magnifying glass looks at 00s and 01sThe threat posed by open source is not merely academic. In 2003, IBM announced its purchase of Think Dynamics, a Toronto-based software developer. During the due diligence phase, an examination of Think Dynamics’ code revealed 80 to 100 examples of open source that its programmers incorporated and attempted to pass off as their own. Consequently, because of concerns as to whether the software was still proprietary, the purchase price of the company decreased by $21 million, reduced from $67 million to $46 million, much to the considerable upset of the owners and shareholders.

In another example: Linksys, a company purchased by Cisco for $500 million in 2003, made a router allowing users to connect on a wireless network. The Linux software in the router was later discovered to be distributed under the GNU General Public License (“GPL”), one of the most influential open source licenses. The disputed software was embedded on chips provided by Broadcom. While the dispute was eventually resolved, it illustrates the dangers of incorporating open source software. In fact, the Free Software Foundation, located in Boston, Massachusetts, controls the licensing process for Linux. They have initiated hundreds of “enforcement actions” since 1991 when the current version of the GPL was first published.

What if My Company Wants to Use Open Source?

Even if your company wants to use open source software in its business model, choosing the right license is critical. Not all open source licenses are equal. Far from it. Some licenses, such as the GPL and the Mozilla Public License (“MPL”) are “reciprocal” in nature and can impose obligations on a licensee to disclose and distribute its source code and otherwise make it freely available. Some licenses are “academic,” such as the Berkeley Software Distribution (“BSD”) or Apache licenses. These types of licenses allow for the free use, modification, and distribution of software without imposing any reciprocal obligation on the licensee. In other words, academic licensees can keep their software proprietary if they choose to.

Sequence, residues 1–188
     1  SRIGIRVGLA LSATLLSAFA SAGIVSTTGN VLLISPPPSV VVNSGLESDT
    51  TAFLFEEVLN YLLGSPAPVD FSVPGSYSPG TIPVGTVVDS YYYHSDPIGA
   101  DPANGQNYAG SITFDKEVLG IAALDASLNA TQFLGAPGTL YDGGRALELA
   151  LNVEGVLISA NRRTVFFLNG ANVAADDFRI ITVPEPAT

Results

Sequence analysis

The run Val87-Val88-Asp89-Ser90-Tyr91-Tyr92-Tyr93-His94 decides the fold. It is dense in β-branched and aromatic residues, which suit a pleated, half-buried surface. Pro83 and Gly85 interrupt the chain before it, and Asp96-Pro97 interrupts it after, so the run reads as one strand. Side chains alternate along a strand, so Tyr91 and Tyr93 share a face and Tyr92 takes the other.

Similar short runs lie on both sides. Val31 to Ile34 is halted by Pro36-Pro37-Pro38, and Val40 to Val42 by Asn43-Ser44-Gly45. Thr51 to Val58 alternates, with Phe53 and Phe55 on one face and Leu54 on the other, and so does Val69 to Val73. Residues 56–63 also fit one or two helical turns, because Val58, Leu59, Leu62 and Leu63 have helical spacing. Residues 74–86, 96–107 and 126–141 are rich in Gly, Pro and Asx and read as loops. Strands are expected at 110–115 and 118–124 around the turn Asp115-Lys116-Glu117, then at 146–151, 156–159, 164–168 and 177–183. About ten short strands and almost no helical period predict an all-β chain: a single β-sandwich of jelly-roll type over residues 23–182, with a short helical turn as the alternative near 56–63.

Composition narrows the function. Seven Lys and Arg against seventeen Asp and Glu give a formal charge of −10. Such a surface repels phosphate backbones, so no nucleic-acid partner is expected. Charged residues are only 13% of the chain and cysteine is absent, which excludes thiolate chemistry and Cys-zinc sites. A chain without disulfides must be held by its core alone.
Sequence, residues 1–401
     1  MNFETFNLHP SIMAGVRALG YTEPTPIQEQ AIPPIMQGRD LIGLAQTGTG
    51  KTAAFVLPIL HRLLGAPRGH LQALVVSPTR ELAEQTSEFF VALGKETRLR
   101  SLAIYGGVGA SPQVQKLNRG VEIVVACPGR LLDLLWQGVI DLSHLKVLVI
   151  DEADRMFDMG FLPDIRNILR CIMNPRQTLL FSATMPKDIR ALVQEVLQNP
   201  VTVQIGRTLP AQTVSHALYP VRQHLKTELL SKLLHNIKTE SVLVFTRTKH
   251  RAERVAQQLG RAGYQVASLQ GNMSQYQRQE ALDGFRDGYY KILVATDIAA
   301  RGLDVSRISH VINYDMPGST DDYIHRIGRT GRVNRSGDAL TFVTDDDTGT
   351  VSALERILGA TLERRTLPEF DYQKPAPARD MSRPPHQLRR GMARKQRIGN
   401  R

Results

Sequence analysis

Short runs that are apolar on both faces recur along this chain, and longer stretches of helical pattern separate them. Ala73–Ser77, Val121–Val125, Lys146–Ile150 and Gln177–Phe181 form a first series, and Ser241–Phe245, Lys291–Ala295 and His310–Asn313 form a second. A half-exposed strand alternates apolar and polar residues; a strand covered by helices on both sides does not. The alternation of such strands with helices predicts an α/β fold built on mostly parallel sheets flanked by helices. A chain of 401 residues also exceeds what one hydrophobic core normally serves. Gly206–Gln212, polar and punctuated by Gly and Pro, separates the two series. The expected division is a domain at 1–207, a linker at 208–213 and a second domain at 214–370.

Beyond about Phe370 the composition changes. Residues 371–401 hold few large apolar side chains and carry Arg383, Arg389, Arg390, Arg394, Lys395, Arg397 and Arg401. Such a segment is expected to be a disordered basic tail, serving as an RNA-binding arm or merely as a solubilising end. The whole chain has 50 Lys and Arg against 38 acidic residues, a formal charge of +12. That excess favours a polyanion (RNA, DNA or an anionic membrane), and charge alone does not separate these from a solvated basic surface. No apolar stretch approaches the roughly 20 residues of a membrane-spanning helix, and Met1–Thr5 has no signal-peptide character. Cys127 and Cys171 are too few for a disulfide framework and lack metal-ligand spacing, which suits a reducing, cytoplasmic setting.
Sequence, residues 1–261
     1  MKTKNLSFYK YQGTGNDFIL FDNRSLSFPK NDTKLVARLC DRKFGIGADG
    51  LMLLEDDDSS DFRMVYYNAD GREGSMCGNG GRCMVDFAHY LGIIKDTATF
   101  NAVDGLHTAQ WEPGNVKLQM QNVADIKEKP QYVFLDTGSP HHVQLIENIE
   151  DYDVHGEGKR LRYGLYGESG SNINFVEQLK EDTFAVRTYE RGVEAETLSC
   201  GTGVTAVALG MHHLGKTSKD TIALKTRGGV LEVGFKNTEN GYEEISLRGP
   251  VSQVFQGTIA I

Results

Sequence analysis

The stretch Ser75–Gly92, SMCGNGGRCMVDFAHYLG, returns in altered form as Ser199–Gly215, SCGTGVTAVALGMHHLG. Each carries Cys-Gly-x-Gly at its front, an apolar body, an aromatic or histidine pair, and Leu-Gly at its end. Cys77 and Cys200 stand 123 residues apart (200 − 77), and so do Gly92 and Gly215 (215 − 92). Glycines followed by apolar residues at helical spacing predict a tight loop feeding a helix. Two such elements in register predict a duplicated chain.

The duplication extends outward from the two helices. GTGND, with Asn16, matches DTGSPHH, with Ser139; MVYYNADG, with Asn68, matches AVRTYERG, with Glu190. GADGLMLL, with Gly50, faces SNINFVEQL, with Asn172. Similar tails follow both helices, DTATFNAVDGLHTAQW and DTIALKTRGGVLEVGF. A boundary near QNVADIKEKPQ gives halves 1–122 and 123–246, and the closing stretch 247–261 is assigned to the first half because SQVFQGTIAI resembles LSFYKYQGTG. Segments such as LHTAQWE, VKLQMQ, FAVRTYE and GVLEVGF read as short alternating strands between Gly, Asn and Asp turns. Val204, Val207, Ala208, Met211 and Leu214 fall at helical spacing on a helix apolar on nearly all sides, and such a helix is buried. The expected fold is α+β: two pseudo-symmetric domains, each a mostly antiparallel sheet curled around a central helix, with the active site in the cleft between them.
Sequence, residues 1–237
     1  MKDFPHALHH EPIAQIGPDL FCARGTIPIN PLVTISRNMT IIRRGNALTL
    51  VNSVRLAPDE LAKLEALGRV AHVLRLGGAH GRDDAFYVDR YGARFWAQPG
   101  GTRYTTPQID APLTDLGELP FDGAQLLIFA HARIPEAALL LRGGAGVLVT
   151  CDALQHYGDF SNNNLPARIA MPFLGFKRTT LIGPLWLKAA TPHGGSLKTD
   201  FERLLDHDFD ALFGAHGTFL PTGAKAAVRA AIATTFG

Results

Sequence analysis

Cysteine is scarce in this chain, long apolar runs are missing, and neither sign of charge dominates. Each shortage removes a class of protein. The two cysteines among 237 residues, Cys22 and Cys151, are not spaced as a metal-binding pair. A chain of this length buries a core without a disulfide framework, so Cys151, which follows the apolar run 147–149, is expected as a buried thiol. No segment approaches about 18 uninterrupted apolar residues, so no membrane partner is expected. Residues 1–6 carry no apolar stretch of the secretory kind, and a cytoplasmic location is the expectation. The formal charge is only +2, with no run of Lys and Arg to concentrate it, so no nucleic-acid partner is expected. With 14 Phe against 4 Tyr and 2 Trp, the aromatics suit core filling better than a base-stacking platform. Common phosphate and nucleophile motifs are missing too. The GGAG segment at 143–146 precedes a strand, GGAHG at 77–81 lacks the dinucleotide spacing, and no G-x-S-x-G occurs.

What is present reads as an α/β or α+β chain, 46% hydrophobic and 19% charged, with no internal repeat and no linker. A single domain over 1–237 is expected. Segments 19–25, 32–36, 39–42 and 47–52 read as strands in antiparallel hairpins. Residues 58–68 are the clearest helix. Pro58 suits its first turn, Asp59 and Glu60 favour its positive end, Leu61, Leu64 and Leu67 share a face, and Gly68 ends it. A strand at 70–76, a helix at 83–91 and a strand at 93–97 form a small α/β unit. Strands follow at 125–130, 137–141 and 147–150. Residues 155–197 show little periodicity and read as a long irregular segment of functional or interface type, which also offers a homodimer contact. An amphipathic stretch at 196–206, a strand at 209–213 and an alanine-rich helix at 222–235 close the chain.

How each of these licenses addresses patent rights, copyrights, trademarks, and derivative and collective works are all critical for a company to consider before committing itself to one license or another. Furthermore, how each of these licenses relates to each other when contributions from different open source licenses are integrated into a single project can be very problematic. For example, while a contribution created under a BSD license can be used in a GPL-licensed work, a GPL-licensed contribution cannot be used in a BSD-licensed work due to incompatible license provisions. Issues such as these require careful scrutiny and in-depth legal analysis.

At the Law Offices of Daniel A. Batterman, we understand the implications of using open source software. We understand how your company’s rights in its intellectual property can be affected when open source is incorporated into your company’s projects and how your business model can be impacted by choosing an open source license. We are also familiar with the complicated legal issues that can arise when different open source licenses are used in a single project. We can help guide your company through the issues associated with using open source and can help alleviate your risks.